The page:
Incompetence Voluntary and Involuntary - Understanding the Mindset

2014-10-15 07:42

Our national performance over the past twenty years suggests to me that we suffer incompetence at two distinct levels. These are voluntary and involuntary incompetence – with the ruling establishment the fountainhead for both. Despite their common origin, it is important to discern the differences between them because the long term remedies for each are different. In theory at least, the populace has control over voluntary incompetence whilst involuntary incompetence will take much longer to resolve.

Voluntary Incompetence is born of adherence to irrational belief systems that can be ideological, dogmatic, or populist in nature. It is also prone to manipulation and propaganda.

There many such examples in South African society. They originate from a number of government or alliance sponsored sources – the more notable being:

> a mindset preoccupied with the quest for equality of outcomes without matching ability, intelligence or a capacity to contribute; this fosters inefficiency, stagnation and a destructive sense of entitlement;

> the mindset of an obdurate trade union movement that protects those fortunate enough to be employed at disproportionate advantage; this fosters a faltering economy and unemployment of epidemic proportions;

> the undermining and sabotage of public education through political activism - which has created a lost generation and represents the loss of human capital on grand scale

> an economy distorted by ideologies that deny basic principles of freedom and promote unemployment and human misery

The way to resolve such incompetence is simple. It would be to put capable people in charge who understand democracy, economics and have a bias to action and getting things done. The fact that the electorate has ignored repeated opportunities to bring this about through political change is an indictment of South Africa’s poor intellect and democratic incompetence.

Involuntary Incompetence, on the other hand is born of a cognitive deficit or inability to comprehend.  Its only antidote is a culture of learning, inquiry and self improvement.

Shortcomings in government, the state and local affairs are often subject to an extreme form of this phenomenon, defined by some in social research as “the Dunning Kruger Effect”. This syndrome – particularly common in South Africa - portrays how incumbents are incapable of grasping even the extent of their own shortcomings and deficiencies.

These are in large measure the results of “cadre deployment”, BEE and affirmative action, where appointments are made with little regard to the relationship between the personal ability of the incumbent and requirements for the job at hand. The notion of “the best person for the job” is alien, exacting both hidden financial and social costs.

The solution to involuntary incompetence is of course as simple as it is demanding.

It takes patience, hard work and solid dedication to education, the pursuit of knowledge and the development of human intellectual capital – especially of the youth. None of these are values associated with South Africa’s ruling ethic.

As a result, the confluence of complex issues associated with the modern nation state has the effect of exposing the cerebral shortcomings behind what appointees in many government departments do – or fail to do. Likewise with branches of the civil service and even sectors of private enterprise under duress from government.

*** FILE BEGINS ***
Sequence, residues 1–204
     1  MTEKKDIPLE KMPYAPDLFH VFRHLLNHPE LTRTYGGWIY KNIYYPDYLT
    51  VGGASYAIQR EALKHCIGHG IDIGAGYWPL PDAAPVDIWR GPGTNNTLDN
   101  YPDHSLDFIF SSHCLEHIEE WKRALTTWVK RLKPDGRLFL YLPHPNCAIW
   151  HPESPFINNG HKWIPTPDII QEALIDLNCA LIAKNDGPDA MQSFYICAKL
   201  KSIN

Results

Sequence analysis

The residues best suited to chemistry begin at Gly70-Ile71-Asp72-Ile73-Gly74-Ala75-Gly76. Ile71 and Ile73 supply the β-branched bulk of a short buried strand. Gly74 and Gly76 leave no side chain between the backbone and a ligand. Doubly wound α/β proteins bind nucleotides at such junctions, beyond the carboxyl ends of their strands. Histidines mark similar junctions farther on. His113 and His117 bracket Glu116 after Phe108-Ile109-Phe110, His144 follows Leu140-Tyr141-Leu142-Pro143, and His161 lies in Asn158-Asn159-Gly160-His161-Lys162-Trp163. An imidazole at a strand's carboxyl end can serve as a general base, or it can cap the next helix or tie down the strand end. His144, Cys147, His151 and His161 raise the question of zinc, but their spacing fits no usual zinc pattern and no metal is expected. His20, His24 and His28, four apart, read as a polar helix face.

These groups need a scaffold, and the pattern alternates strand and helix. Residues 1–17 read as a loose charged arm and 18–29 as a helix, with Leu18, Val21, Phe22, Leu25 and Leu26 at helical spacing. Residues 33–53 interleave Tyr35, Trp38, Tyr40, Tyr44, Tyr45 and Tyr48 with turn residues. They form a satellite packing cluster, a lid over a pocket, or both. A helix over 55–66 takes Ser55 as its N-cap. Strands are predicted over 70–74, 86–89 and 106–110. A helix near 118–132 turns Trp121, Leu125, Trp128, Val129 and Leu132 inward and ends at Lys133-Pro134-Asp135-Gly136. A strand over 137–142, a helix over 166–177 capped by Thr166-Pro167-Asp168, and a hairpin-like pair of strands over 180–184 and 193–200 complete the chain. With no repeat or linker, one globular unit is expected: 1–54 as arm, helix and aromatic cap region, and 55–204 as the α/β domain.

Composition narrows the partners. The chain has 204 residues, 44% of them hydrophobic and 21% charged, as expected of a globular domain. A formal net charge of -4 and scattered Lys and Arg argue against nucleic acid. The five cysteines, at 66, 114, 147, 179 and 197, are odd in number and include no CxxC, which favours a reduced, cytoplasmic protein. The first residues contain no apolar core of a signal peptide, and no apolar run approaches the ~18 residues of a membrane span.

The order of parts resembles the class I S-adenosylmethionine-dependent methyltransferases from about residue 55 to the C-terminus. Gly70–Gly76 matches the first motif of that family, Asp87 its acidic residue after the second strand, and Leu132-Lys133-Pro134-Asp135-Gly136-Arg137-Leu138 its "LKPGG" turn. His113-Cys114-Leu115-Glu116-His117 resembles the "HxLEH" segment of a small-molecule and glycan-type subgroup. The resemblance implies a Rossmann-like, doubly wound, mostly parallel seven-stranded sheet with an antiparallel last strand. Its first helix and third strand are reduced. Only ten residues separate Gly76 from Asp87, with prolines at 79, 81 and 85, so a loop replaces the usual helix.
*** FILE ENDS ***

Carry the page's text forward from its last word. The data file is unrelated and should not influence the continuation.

Random high profile cases in point include the water shortages in Gauteng and the mismanagement of our national fishing resource. The teaching profession and postal services are just as obvious but are - ominously by now - institutionalized at low performance levels. The jury is out on whether the Post Office will even survive.

At a glaring senior level, the inability – and obvious unwillingness – of the nation’s president to do the basic sums relating to improvements to his home at Nkandla serve as an extreme example of this phenomenon and highlights a belief system (on his part) that puts him above the law.

And so - we may well ask - is everything lost? Is the embrace and promotion of incompetent values and fostering those with decrepit levels of cognitive ability to be our inevitable undoing as a nation, economy and society?

It would seem so, but for the occasional glimmer.

Surprisingly, there were almost unwitting signs of recognition of such limitations from “the inside” at a recent Black Management Forum conference (the quote that caught my eye was - “Black entrepreneurs are fed up with the "failed" state-sponsored affirmative action policy and want to go it alone” - Times Live 01 10 2014).

Jimmy Manyi - that dubious paragon of personal liberty, government stooge and diplomatic bungler of note (for saying that coloured people should leave the Cape in order to promote racial proportionality throughout the nation) – called for “The Act” to be scrapped or reviewed!

On the surface that looks encouraging – but it may equally be a deception.

I am suspicious of his reasons for suggesting this, because he went on to argue that there is too great an emphasis “on price” for black businesses to survive – signalling the likelihood that price subsidies or outright purchase quotas might be proffered to displace staff preferencing as an option. If that is so, he will have missed the point altogether.

Only time will tell.

Nevertheless we can now for the first time see a small crack in this dogmatic edifice and a willingness to call the harmful liturgy of racial preferencing into question from those who thought they had everything to gain from it.

That cannot be a bad thing - so perhaps we should wait a while before pronouncing final judgment?

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